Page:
Bayard Taylor image

Bayard Taylor

Jan. 11, 1825 - Dec 19, 1878


If Love Should Come Again

by Bayard Taylor

If Love should come again, I ask my heart
In tender tremors, not unmixed with pain,
Couldst thou be calm, nor feel thine ancient smart,
If Love should come again?

Couldst thou unbar the chambers where his nest
So long was made, and made, alas! in vain,
Nor with embarrassed welcome chill thy guest,
If Love should come again?

Would Love his ruined quarters recognize,
Where shrouded pictures of the Past remain,
And gently turn them with forgiving eyes,
If Love should come again?

Would bliss, in milder type, spring up anew,
As silent craters with the scarlet stain
Of flowers repeat the lava's ancient hue,
If Love should come again?

Would Fate, relenting, sheathe the cruel blade
Whereby the angel of thy youth was slain,
That thon might'st all possess him, unafraid,
If Love should come again?

In vain I ask: my heart makes no reply,
But echoes evermore the sweet refrain;
Till, trembling lest it seem a wish, I sigh:
If Love should come again!

THE darkness and the twilight have an end,
Said Ernest, as he laid the book aside,
And, with a tenderness he could not hide,
Smiled, seeing in the eyes of wife and friend
The same soft dew that made his own so dim.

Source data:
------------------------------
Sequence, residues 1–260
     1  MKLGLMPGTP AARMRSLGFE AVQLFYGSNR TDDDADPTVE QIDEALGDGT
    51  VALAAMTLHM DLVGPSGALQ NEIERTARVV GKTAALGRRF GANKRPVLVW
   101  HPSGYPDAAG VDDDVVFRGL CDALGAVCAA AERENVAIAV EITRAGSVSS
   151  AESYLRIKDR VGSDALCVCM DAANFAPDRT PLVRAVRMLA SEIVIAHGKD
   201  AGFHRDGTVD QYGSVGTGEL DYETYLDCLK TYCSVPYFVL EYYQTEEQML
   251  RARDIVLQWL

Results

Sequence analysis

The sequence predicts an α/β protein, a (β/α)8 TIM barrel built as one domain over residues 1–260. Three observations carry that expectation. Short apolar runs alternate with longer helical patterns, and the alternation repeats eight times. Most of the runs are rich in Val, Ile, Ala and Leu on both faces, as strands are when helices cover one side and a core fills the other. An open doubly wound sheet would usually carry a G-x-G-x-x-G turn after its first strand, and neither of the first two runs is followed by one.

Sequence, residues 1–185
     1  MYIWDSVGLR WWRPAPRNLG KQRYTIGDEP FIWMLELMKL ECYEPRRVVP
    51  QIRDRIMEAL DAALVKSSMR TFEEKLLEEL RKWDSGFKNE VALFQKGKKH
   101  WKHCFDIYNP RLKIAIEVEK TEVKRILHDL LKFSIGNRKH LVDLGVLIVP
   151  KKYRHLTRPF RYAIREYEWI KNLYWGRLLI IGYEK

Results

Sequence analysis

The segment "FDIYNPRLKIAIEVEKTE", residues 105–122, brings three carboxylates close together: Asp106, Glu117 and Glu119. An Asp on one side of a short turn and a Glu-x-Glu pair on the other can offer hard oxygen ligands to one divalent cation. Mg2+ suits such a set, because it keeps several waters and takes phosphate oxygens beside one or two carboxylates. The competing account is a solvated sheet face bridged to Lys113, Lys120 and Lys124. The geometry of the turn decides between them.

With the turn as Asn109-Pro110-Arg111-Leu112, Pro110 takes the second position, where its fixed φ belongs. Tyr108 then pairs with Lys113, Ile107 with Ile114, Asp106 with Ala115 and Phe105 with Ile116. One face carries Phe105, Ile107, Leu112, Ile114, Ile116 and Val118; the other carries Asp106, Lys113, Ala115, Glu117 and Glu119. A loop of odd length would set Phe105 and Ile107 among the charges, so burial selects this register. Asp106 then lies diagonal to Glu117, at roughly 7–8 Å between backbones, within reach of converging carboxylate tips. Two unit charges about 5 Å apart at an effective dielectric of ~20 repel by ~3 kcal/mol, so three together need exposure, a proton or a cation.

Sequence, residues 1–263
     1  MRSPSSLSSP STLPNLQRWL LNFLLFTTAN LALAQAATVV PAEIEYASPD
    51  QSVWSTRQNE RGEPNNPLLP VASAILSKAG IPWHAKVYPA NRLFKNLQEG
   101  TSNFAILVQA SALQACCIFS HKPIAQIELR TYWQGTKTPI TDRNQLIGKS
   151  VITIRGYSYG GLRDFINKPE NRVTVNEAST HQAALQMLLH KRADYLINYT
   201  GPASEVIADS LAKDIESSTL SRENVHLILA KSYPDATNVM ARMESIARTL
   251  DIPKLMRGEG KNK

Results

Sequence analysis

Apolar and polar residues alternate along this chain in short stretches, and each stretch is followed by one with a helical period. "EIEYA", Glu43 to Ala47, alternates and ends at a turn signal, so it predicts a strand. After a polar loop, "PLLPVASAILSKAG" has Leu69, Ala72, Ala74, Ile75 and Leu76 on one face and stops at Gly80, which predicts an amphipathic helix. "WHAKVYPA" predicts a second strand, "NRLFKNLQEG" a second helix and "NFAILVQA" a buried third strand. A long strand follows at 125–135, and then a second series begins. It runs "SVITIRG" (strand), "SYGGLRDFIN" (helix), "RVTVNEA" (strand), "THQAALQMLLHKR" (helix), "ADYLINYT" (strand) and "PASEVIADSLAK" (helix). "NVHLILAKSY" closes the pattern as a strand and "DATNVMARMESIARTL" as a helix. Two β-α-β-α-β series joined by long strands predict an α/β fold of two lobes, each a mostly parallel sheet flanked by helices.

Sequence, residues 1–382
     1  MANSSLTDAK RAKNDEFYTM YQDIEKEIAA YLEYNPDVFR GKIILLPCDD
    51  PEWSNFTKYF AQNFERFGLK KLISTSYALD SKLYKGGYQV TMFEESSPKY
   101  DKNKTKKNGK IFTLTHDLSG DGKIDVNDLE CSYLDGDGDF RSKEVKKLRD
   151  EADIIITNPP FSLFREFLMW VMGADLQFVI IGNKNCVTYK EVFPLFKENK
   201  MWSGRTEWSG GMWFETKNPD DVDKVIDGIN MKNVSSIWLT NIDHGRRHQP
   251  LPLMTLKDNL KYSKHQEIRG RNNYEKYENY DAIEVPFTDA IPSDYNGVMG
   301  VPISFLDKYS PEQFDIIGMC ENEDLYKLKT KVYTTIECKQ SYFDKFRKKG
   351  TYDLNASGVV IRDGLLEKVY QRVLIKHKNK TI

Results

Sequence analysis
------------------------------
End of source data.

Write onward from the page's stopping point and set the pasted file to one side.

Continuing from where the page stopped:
My heart was strangely moved, but not for him.
The holy night, the stars that twinkled faint,
Serfs of the regnant moon, the slumbering trees
And silvery hills, recalled fair memories
Of her I knew, his life's translated saint,
Who seemed too sacred now, too far removed,
To be by him lamented or beloved.
And yet she stood, I knew, by Ernest's side
Invisible, a glory in the heart,
A light of peace, the inner counterpart
Of that which round us poured its radiant tide.

We sat in silence, till a wind, astray
From some uneasy planet, shook the vines
And sprinkled us with snow of eglantines.
The laurels rustled as it passed away,
And, million-tongued, the woodland whisper crept
Of leaves that turned in sleep, from tree to tree
All down the lawn, and once again they slept.
Then Edith from her tender fantasy
Awoke, yet still her pensive posture kept,
Her white hands motionless upon her knee,
Her eyes upon a star that sparkled through
The mesh of leaves, and hummed a wandering air,
(As if the music of her thought it were,)
Low, sweet, and sad, until to words it grew
That made it sweeter, -- words that Ernest knew:

Love, I follow, follow thee,
Wipe thine eyes and thou shalt see:
Sorrow makes thee blind to me.

I am with thee, blessing, blest;
Let thy doubts be laid to rest:
Rise, and take me to thy breast!

In thy bliss my steps behold:
Stretch thine arms and bliss enfold:
'T is thy sorrow makes me cold.

Life is good, and life is fair,
Love awaits thee everywhere:
Love! is Love's immortal prayer.

Live for love, and thou shalt be,
Loving others, true to me:
Love, I follow, follow thee!

Thus Edith sang: the stars heard, and the night,
The happy spirits, leaning from the wall
Of Heaven, the saints, and God above them all,
Heard what she sang. She ceased: her brow was bright
With other splendor than the moon's: she rose,
Gave each a hand, and silently we trod
The dry, white gravel and the dewy sod,
And sllently we parted for repose.


The Poet's Journal
Copyright 1863
Ticknor and Fields, Boston
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